In August of last year, Floyd Mayweather and Conor McGregor combined to do the unthinkable – a crossover bout between the biggest name in the sport of boxing and the rising global superstar of MMA.
With the bout taking place in the boxing ring and under Queensberry Rules, the 40-year-old Mayweather was predictably able to pick the younger, larger McGregor apart en-route to a tenth-round stoppage, with hindsight suggesting the result was never in doubt and that the entire charade had been a money-spinning sham.
A rematch in the UFC Octagon has been heavily discussed since but McGregor instead opted to return to familiar pastures and one week ago – on his MMA return – the Irishman was submitted by unbeaten Russian wrestling machine Khabib Nurmagomedov.
Enough to put talk of boxer vs. martial artist to rest? Well not quite. In the aftermath of his victory, Khabib has now taken his chance to call out boxing’s money man:
“Let’s go, Floyd. We have to fight now. 50-0 vs 27-0, two guys who never lose, why not? Because in the jungle there is only one king. Of course I am the king because he could not drop McGregor and I dropped him easily,” Nurmagomedov said in a post on Mayweather advisor Leonard Ellerbe’s Instagram.
Mayweather is currently rumoured to be lining up for a December rematch with Manny Pacquiao and is currently a 2-5 favourite across Mayweather Pacquiao betting sites to beat his great rival for a second time, whilst punters can get 15-8 on Pacquiao being named winner at bookmaker Betfred. The draw is available at 25-1 at bookies William Hill and Ladbrokes.
After the sour reaction to their underwhelming first bout and the intrigue of the general public being what it is, a Mayweather vs Khabib encounter may be the fight that currently generates the most interest, and therefore ultimately the most income.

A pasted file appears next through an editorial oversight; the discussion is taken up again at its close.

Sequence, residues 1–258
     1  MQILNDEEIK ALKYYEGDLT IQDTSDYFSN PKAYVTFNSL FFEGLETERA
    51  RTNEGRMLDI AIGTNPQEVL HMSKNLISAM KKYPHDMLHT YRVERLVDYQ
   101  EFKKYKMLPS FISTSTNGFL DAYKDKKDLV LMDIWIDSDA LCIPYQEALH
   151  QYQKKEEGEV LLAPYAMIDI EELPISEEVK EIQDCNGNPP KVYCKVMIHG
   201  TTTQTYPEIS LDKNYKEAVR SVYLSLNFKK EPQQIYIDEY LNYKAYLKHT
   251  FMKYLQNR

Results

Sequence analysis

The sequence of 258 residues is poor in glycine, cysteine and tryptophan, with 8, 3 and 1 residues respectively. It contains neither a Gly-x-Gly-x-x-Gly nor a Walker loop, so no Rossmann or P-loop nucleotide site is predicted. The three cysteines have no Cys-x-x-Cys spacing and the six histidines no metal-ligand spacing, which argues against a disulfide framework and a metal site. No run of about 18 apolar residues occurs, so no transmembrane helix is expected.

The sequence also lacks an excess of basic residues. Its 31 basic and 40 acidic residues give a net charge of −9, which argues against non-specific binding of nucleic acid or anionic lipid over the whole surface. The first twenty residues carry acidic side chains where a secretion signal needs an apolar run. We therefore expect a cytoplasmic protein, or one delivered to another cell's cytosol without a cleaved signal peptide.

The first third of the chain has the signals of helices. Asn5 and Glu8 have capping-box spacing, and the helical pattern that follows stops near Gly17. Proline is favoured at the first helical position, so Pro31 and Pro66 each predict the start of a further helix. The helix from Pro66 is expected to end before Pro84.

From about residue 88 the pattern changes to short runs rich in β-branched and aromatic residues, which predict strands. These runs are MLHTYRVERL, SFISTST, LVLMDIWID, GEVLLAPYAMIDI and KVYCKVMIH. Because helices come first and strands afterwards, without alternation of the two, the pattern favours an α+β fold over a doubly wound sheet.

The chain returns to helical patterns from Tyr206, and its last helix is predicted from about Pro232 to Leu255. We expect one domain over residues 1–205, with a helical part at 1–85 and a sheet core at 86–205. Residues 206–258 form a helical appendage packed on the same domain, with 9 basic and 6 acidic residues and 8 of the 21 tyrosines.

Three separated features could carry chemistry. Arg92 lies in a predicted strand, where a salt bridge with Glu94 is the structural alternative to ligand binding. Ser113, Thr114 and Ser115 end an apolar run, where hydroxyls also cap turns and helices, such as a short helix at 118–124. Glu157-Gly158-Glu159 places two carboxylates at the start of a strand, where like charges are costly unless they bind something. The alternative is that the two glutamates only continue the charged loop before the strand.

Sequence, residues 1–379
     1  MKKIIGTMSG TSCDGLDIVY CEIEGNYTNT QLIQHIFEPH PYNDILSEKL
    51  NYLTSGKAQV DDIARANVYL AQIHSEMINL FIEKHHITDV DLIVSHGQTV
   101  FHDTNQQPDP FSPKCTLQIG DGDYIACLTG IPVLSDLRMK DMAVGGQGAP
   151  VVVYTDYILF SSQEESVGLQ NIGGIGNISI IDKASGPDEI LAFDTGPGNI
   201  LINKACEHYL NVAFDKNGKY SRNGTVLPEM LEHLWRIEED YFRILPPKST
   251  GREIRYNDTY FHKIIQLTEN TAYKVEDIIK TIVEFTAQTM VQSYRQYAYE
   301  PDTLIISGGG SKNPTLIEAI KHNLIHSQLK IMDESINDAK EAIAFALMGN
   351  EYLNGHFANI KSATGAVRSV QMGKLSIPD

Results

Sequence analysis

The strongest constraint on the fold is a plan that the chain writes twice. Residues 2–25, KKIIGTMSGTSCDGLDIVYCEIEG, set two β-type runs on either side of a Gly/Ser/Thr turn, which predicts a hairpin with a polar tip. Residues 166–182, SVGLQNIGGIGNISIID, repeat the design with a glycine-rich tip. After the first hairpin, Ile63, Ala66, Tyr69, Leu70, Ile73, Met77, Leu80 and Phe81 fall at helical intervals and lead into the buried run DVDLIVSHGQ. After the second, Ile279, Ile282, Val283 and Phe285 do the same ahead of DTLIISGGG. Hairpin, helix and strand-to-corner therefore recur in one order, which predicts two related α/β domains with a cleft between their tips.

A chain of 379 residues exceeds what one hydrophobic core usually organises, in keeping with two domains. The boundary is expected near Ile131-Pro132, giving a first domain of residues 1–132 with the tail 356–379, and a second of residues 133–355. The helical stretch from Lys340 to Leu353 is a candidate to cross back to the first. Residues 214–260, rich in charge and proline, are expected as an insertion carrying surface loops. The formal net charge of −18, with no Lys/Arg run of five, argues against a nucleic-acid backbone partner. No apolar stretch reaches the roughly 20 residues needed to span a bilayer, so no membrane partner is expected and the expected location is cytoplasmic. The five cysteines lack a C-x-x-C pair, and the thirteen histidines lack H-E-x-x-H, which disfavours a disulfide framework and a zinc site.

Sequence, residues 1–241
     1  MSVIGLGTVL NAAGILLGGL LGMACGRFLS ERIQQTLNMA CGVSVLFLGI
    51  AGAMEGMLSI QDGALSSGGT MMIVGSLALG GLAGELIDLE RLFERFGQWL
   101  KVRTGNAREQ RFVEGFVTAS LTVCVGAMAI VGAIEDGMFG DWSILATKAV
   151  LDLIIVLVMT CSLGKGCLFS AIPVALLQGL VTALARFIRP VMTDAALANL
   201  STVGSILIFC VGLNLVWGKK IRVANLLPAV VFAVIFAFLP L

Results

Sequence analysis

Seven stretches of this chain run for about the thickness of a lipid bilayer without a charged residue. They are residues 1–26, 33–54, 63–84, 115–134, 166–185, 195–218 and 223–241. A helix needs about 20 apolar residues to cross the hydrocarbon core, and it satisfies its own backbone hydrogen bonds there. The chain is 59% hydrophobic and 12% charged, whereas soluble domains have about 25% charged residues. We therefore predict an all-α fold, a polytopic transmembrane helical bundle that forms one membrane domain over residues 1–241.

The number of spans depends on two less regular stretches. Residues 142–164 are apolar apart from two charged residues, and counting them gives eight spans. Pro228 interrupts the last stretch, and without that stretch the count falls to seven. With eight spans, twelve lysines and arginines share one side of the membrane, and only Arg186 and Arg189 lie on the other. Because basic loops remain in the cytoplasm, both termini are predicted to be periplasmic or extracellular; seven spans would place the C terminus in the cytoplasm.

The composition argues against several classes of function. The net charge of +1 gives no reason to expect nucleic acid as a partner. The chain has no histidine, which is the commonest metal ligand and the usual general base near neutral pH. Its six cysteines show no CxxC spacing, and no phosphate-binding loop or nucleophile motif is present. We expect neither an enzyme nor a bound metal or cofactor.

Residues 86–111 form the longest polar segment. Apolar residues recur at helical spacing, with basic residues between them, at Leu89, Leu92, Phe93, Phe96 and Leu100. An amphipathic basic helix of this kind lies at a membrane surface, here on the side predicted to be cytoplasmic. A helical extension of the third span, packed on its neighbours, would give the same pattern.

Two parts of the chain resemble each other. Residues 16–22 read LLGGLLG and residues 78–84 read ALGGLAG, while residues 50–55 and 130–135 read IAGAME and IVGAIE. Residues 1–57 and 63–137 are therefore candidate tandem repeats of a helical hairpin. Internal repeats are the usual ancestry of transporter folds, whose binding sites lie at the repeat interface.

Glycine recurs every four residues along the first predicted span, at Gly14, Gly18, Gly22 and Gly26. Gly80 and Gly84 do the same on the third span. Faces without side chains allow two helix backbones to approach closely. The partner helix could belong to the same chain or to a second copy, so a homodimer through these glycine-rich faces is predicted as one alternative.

Bookies are already advertising odds for this crossover bout, with Betfair offering 1-25 on Mayweather being victorious. Khabib is available at 17-2 at Ladbrokes whilst the draw is a huge 50-1 which may well be worth a few pennies.
Khabib is news right now and Pacquiao’s star has dwindled somewhat since he lost to Mayweather in 2015. While boxing aficionados and martial arts experts may convulse at the thought of Floyd toying with another high-profile MMA star in a boxing ring, the fact is that in the social media age, novelty, even obscenity, sells.
After Mayweather vs Pacquiao finally settled their score three-and-a-half years ago, the biggest selling combat sports event in the time since has been Mayweather’s bout with McGregor, which sold 4.3 million pay-per-view buys, while a further 3 million reportedly watched the fight on illegal streams.
With the average audience for mainstream boxing events falling in recent times and MMA still a relatively niche endeavour, perhaps crossover bouts now hold the future for big-money fights in combat sports?